what are your dept's SOG for vehicle placement, operations etc when responding to gas leaks, residential, comercial, industrial?
+ Reply to Thread
Results 1 to 3 of 3
Thread: SOGs' for gas leaks
03-07-2002, 10:32 AM #1
SOGs' for gas leaks9/11/01 forever in our hearts
03-09-2002, 10:28 AM #2
Can anyone tell me what NFPA and ISO recommends on natural gas leaks, what I am looking for is how many engines or truck company's should respond per their recommendations?"I have no ambition in this world but one, and that is to be a fireman. The position may, in the eyes of some, appear to be a lowly one; but we know the work which a fireman has to do believe that his is a noble calling."
Edward F. Croker
Fire Dept. City of New York
03-09-2002, 11:23 AM #3
- Join Date
- Oct 2001
- Woodlands, Tx.
Fire department units may encounter natural gas in a variety of situations and incident types, each presenting a different set of hazards and problems. The following guidelines present an approach which will be applicable in the majority of situations, but do not replace good judgment and experience in dealing with any particular incident. The guidelines should be used whenever situations are encountered that do not clearly indicate that a different approach is required to more safely resolve the hazard.
Natural gas is much lighter than air and will usually dissipate rapidly in the outside environment. Inside buildings, however, it tends to pocket, particularly in attics and dead air spaces. The flammable limits are approximately 4% to 15% in air. Natural gas itself is non-toxic, however, it displaces oxygen and can result in asphyxiation if in a confined space. Flammable gas ranges can only be determined by a combustible gas instrument. Request the dispatch of Hazardous Materials Team unit and utility company.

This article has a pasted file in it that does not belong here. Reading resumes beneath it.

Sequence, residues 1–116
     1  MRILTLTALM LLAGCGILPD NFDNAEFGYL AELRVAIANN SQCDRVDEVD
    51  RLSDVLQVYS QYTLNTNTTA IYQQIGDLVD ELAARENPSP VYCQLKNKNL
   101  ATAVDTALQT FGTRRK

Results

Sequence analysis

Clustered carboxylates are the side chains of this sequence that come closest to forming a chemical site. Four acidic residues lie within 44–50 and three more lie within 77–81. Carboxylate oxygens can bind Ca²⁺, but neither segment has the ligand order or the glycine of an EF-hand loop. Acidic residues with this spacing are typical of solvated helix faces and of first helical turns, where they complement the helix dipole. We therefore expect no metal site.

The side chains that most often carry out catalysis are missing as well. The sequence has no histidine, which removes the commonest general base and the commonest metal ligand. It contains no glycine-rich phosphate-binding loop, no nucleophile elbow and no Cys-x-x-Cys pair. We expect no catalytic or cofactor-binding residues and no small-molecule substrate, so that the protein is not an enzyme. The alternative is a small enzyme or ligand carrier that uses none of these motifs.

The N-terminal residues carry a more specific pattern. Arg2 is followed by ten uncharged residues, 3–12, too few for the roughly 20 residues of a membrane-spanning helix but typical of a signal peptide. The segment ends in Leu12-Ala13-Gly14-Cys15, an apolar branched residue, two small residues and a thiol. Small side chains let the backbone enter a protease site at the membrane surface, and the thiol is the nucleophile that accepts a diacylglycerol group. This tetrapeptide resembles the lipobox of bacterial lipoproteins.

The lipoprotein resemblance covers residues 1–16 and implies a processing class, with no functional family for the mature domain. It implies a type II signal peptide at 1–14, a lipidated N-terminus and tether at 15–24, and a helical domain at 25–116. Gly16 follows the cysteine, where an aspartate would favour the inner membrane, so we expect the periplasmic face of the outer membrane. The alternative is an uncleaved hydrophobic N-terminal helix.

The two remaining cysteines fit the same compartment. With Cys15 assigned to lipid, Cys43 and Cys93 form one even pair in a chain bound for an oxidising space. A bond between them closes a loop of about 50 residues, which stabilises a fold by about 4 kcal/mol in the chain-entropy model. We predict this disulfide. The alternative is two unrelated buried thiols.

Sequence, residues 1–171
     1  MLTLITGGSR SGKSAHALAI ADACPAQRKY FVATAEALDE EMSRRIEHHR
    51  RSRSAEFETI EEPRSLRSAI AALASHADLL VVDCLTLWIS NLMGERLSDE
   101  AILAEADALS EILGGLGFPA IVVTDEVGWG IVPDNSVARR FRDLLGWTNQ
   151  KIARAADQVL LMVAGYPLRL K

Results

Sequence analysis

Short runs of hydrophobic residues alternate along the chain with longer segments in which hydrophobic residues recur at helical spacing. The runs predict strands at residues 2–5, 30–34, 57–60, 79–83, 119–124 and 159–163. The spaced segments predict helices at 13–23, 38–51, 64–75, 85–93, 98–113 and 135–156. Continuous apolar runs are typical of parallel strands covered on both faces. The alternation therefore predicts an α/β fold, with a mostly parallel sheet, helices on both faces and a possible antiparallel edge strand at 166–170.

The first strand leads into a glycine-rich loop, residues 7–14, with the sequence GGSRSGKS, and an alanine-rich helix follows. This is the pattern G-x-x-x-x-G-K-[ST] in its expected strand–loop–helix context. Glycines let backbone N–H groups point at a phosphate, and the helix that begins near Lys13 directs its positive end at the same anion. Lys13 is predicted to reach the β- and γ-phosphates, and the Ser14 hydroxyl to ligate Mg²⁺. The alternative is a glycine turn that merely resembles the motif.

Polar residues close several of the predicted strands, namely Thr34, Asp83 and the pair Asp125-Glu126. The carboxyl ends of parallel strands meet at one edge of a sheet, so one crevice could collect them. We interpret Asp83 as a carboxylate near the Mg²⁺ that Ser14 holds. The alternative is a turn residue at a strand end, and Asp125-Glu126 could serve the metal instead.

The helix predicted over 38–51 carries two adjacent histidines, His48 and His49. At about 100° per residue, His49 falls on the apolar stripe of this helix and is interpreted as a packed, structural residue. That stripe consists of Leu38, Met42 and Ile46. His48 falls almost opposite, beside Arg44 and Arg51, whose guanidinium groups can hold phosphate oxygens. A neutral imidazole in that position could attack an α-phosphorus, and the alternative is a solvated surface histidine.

Burning natural gas should not normally be extinguished, since this would change the situation from a visible to invisible hazard with explosive potential. Fires should be controlled by stopping the flow.
2.0 INCIDENTS AT WHICH AN EXPLOSION HAS OCCURRED
Units arriving at the scene of a structural explosion must consider natural gas as a possible cause. Explosions have occurred in structures which were not served by natural gas. Underground leaks may permit gas to travel considerable distances before entering a structure through the foundation, around pipes or through void spaces In these circumstances, the cause of the explosion may be difficulty to determine.
2.1 Until it can be determined that the area is safe from the danger of further explosions, evacuate all civilians and keep the number of Fire Department and/or other emergency personnel (i.e., gas company personnel) in the area, to the minimum number necessary to stabilize the situation. Taken a pessimistic point of view.
2.2 Do not rely on gas odor. Use combustible gas indicators to check all suspected areas. Both gas company personnel and the Hazardous Materials Team has combustible gas indicators for this purpose.
2.3 Check areas systematically using combustible gas indicators. Start outside of the area of the explosion, and move into the area until readings indicate detectable concentration. Map the readings for the affected area.
2.4 If a gas concentration is encountered inside, adjacent to, or underneath any building, secure all possible sources of ignition in the affected area. Cut electricity from outside the affected area to avoid arcing. Ventilate buildings where gas is found with explosion proof equipment only.